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Alaska Sentinel Surveillance Study of Helicobacter pylori Isolates from Alaska Native Persons from 2000 to 2008▿

By Adrienne H. Tveit, Michael G. Bruce, Dana L. Bruden, Julie Morris, Alisa Reasonover, Debby A. Hurlburt, Thomas W. Hennessy and Brian McMahon

Abstract

Helicobacter pylori infection is more common in Alaska Native persons than in the general U.S. population, with seroprevalence to H. pylori approaching 75%. Previous studies in Alaska have demonstrated elevated proportions of antimicrobial resistance among H. pylori isolates. We analyzed H. pylori data from the Centers for Disease Control and Prevention's sentinel surveillance in Alaska from January 2000 to December 2008 to determine the proportion of culture-positive biopsy specimens with antimicrobial resistance from Alaska Native persons undergoing endoscopy. The aim of the present study was to monitor antimicrobial resistance of H. pylori isolates over time and by region in Alaska Native persons. Susceptibility testing of H. pylori isolates to metronidazole, clarithromycin, amoxicillin, and tetracycline was performed using agar dilution. Susceptibility testing for levofloxacin was performed by Etest. Overall, 45% (532/1,181) of persons undergoing upper endoscopy were culture positive for H. pylori. Metronidazole resistance was demonstrated in isolates from 222/531 (42%) persons, clarithromycin resistance in 159/531 (30%) persons, amoxicillin resistance in 10/531 (2%) persons, and levofloxacin resistance in 30/155 (19%) persons; no tetracycline resistance was documented. The prevalence of metronidazole, clarithromycin, and levofloxacin resistance varied by region. Female patients were more likely than male patients to demonstrate metronidazole (P < 0.05) and clarithromycin (P < 0.05) resistance. No substantial change in the proportion of persons with resistant isolates was observed over time. Resistance to metronidazole, clarithromycin, and levofloxacin is more common among H. pylori isolates from Alaska Native persons than those from elsewhere in the United States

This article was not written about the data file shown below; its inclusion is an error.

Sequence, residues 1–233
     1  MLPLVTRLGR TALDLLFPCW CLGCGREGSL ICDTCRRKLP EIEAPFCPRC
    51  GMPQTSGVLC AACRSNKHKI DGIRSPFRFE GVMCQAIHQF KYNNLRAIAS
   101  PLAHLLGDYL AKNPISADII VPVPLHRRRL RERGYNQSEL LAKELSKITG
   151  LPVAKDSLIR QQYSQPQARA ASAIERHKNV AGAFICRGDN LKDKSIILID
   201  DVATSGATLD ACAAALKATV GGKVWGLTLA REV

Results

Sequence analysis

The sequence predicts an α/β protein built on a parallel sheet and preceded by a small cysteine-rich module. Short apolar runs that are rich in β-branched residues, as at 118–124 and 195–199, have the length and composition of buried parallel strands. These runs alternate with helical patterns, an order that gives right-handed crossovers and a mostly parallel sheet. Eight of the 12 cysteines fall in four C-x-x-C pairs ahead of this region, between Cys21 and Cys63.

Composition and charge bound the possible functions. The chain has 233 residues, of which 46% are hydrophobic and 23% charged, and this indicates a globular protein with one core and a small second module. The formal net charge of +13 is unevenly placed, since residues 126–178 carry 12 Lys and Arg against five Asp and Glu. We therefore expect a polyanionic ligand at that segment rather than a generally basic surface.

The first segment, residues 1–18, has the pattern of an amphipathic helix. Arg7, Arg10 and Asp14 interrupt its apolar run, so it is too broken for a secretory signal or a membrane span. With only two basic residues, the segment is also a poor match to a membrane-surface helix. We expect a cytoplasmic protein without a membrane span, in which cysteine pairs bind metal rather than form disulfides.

Topics: Bacteriology
Publisher: American Society for Microbiology
OAI identifier: oai:pubmedcentral.nih.gov:3187320
Provided by: PubMed Central
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